Again, this isn't top-notch noir and it's quite a low-brow DVD presentation, really, but there's a certain amount of entertainment that you can still wrest out of it if you try. Think about watching this on a rainy day when there's nothing better to do, or as an excuse to avoid raking the leaves out back, or as a pleasant way to amuse yourself after having your wisdom teeth pulled but before the nitrous oxide completely wears off. You get the idea -- this is a disc to look at during one of those unfettered moments of your life, when some throwback entertainment might serve as an unexpected respite from all the pomp and bombast of the usual "big ticket" titles.
Though they're not the best of the crime/detective/murder-mystery crop, there's some fun to be had here. Look closely at the character of John G. Harrison from The Phantom Killer and he'll give you fits trying to remember where else you've seen the actor, John Hamilton. Think hard...That's right, he was none other than Perry White, Clark Kent's boss at the Daily Planet in TV's Superman. Now take a close look at the character of Tony Woolrich from The Phantom of 42nd Street and you'll know you've seen that Dave O'Brien actor somewhere, sometime. Peer deeply through the cloud of smoke in your memory and you'll recall him as the wild-eyed pot monger, Ralph Wiley, from Reefer Madness. ("Mae! Mae! Bring me some reefers!"). He's actually sort of fun to watch here, turning on the charm and brandishing a playful smirk and dimple throughout the proceedings (but you know he's just aching for a toke). Maybe this is reaching a bit, but if you go along for the ride here, dropping your expectations considerably lower than usual, you may wind up enjoying the disc, if only just a little bit. And, as each feature is just about an hour long, the show ends before you can become completely bored or otherwise indifferent.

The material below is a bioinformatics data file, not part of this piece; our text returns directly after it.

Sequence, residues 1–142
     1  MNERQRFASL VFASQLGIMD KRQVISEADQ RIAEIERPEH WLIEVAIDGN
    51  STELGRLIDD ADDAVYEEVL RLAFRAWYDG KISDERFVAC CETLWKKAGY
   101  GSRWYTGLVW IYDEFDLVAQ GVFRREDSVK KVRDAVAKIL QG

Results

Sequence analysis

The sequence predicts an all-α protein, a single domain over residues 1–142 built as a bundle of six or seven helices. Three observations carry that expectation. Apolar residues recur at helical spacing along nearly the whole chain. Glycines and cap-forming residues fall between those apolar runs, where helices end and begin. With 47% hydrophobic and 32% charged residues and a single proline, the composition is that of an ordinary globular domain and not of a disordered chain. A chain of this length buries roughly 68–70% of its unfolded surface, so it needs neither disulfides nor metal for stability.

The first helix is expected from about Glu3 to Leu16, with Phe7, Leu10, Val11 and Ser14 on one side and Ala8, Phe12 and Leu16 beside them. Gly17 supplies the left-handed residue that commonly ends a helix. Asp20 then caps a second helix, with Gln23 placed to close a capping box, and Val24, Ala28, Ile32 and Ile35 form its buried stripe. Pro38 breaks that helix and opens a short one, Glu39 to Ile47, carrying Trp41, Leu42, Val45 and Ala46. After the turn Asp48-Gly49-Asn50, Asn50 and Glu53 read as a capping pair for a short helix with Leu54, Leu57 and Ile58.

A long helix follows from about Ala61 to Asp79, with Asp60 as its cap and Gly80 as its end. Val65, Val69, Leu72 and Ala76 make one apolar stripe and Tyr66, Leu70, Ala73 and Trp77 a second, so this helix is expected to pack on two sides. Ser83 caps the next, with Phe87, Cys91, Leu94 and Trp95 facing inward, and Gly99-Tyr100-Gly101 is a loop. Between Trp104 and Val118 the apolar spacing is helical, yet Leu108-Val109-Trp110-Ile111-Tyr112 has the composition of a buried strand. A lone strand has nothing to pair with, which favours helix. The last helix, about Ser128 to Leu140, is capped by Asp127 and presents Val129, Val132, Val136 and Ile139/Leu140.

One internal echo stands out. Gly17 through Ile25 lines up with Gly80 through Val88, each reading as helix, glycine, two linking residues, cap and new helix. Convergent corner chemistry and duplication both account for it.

Normally a presentation like this would raise the hackles on the back of my neck. Yet, for some reason, I was so unaffected by this disc, it really doesn't amount to a hill of beans. If you're an ardent fan of anyone connected with the three films here -- well, knock yourself out. Otherwise, move on to the real noir that's readily available on DVD.
Though a disc of such inferior quality would typically incur immediate conviction and incarceration, the misguided team at Retromedia is let off due to the petty content found within. Next time, take a case like this to Small Claims, just down the hall past the restrooms. Court adjourned.
Review content copyright © 2004 Dennis Prince; Site layout and review format copyright © 1998 - 2013 HipClick Designs LLC
Scales of Justice
* Bottom 100 Discs: #57
Studio: Image Entertainment
* Full Frame
* Dolby Digital 1.0 Mono (English)
Running Time: 180 Minutes
Release Year: 1945
MPAA Rating: Not Rated
* IMDb: Phantom Killer
* IMDb: Phantom of Chinatown
* IMDb: The Phantom of 42nd Street